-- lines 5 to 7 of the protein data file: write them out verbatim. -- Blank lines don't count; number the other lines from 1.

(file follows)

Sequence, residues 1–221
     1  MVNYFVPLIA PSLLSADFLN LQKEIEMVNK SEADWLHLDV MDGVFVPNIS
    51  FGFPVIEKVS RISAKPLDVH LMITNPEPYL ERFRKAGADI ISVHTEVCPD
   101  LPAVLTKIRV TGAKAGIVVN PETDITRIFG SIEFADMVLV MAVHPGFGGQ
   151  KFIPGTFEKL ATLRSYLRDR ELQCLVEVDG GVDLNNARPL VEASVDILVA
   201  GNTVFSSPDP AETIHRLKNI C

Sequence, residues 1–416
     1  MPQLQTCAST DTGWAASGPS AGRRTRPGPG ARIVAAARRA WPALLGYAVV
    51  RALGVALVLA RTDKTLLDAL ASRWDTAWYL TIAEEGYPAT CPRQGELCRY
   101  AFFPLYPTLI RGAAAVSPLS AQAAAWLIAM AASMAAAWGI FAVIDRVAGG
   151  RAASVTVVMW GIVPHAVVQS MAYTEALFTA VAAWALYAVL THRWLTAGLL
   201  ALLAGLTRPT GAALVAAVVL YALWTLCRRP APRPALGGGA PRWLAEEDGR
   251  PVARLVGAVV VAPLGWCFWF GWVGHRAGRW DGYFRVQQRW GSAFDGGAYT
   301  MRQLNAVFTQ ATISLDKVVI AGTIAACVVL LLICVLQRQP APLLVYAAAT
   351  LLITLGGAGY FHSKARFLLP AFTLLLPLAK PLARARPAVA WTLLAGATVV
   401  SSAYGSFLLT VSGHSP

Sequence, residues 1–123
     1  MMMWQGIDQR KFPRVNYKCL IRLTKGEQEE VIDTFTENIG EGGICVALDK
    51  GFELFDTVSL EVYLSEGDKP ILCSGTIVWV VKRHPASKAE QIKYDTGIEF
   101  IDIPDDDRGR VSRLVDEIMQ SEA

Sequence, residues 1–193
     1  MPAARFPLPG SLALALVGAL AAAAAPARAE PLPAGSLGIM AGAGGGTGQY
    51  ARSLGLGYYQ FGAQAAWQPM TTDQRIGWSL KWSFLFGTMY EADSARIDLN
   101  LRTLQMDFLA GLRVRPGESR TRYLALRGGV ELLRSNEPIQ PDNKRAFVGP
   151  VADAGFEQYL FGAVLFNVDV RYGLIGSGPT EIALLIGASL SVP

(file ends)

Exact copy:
   151  KFIPGTFEKL ATLRSYLRDR ELQCLVEVDG GVDLNNARPL VEASVDILVA
   201  GNTVFSSPDP AETIHRLKNI C

Sequence, residues 1–416